I’m getting a little dizzy trying to process all the interrelated things going wrong these days. I’m pelted by a string of news events that fall on the hard asphalt of what seems to be structural flaws in our system. I’m left with questions that only lead to other questions, but not answers.
Let’s start with the Affordable Care Act. Speaking from Silicon Valley, I find it deplorable that some programmer looked at this application and said, “Sure, let’s make it live.” According to Bloomberg News, in two days, a grand total of 248 people were able to sign up. That’s less than a planeload. Airlines would go bankrupt if their reservations systems were that bad.
But closer to home, there’s even more government folly. I’m not sure how widely this story has been disseminated across the country, but it’s a doozy. Here in the Bay Area, the state’s Department of Social Services revoked the license of a nursing home in Castro Valley. The owners and most of the staff proceeded to depart, leaving 19 residents – elderly, demented, in need of medication – without care.
Only two staffers, a janitor and a cook, stayed behind, too good-hearted to abandon the residents, but without training or resources to offer even a minimum standard of care. They ended up calling 911 for help. Four times. But that’s not all. According to the San Francisco Chronicle, staffers from the Department of Social Services visited the facility, noted the complete breakdown in care … and then left without doing anything to alleviate the situation.
Ronald Reagan famously said, “Government isn’t the solution. Government is the problem.” He wasn’t completely wrong, but he wasn’t completely right, either. We need government oversight, exactly for people like the owners of that care facility, but we need government oversight that works. Why doesn’t it work? Those of us in the private sector know that when we fail to fulfill our duties, we’re fired.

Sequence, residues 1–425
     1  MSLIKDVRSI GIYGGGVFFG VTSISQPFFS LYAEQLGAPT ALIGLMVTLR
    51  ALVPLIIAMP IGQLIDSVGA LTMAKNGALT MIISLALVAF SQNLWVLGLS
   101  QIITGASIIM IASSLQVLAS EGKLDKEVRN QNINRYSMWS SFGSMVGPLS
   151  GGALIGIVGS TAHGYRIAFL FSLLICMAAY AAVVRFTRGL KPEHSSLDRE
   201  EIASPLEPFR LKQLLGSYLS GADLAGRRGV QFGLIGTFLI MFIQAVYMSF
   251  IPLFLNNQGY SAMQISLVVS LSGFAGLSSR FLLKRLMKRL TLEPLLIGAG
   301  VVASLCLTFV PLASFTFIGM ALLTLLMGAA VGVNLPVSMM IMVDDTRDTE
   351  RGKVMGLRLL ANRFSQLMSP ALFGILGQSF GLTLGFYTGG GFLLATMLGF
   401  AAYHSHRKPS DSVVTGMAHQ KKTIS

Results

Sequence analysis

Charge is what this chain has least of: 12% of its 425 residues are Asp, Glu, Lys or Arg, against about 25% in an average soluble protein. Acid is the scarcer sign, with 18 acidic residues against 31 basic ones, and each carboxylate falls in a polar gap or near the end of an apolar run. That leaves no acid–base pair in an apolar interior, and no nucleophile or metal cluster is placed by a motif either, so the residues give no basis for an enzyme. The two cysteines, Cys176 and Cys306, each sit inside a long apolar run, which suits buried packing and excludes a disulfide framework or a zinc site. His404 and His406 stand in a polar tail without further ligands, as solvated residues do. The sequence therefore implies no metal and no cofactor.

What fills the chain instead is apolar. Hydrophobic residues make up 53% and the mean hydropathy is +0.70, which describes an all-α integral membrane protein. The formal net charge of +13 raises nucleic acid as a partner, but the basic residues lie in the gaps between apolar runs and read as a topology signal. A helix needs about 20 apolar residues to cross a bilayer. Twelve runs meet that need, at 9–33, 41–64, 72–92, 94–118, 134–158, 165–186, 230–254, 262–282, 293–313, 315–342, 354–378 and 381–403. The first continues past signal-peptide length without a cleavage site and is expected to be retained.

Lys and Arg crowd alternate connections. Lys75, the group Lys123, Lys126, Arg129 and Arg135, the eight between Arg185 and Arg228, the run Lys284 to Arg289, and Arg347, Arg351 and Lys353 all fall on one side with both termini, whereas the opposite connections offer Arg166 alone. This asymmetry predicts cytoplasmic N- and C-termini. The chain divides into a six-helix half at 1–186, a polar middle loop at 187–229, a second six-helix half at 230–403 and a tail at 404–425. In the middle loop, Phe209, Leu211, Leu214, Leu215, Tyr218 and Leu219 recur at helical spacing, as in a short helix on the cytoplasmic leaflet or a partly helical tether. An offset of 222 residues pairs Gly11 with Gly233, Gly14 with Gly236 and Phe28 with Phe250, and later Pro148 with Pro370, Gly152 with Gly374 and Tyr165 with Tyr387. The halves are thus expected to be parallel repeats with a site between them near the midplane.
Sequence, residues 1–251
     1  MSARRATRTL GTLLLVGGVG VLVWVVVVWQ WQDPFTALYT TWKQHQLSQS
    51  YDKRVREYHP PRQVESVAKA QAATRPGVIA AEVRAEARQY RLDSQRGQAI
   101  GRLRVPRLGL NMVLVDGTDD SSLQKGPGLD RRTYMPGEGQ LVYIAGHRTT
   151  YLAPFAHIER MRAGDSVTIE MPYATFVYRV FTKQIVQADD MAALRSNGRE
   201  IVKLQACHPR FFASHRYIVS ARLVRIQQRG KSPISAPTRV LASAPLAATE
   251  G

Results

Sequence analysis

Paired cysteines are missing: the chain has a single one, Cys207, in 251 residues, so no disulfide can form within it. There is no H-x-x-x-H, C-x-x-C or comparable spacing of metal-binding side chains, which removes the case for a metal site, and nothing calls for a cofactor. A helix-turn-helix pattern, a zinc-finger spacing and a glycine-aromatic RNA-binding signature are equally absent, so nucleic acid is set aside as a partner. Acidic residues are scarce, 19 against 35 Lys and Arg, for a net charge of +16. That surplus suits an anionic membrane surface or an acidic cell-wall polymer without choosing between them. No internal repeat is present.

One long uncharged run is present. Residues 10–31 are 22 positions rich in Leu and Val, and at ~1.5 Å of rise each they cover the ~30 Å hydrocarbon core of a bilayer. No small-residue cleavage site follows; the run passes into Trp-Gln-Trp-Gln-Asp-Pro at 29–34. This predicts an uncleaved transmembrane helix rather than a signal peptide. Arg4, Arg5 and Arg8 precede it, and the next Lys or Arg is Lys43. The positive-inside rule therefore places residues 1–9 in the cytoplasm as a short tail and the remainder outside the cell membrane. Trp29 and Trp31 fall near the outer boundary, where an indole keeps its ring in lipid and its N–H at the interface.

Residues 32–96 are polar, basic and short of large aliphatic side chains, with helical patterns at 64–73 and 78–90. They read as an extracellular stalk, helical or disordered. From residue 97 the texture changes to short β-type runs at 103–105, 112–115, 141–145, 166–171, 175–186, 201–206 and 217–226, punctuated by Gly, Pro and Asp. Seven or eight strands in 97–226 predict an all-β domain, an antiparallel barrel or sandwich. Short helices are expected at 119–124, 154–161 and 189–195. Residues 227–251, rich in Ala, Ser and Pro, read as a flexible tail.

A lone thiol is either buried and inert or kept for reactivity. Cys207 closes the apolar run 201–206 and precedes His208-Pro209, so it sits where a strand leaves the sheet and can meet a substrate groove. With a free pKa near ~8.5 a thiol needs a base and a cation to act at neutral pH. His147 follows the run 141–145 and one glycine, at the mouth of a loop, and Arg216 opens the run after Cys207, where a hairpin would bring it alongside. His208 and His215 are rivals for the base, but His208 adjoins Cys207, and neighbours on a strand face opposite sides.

The problem is that government services are essentially a monopoly. We have rules for governing monopolies, but it doesn’t help that those who oversee the monopolies themselves have no competition for the job. If the government doesn’t do its job, who will?
Why can’t government do its job? For me, this rolls directly into the larger canard that public sector employees are less competent because they’re paid less. Is that true? If it is, then why are municipalities and states alike bowing under the pressure of pensions? This seems to be the tradeoff for lower salaries: a magnificent retirement. (But municipal government can’t even seem to manage those: the San Francisco Chronicle noted last week that the city of Richmond, Calif., had purchased bonds to secure its outrageous pension obligations – and then increased its pension obligations.)
This is what worries me: are we looking at the incompetence of a few or structural issues that are leading us to disaster? I don’t know what will solve what looks and feels like an impenetrable cycle of incompetence, and I worry that we’ve become so lost in a thicket of confusion that we’ll never find our way out.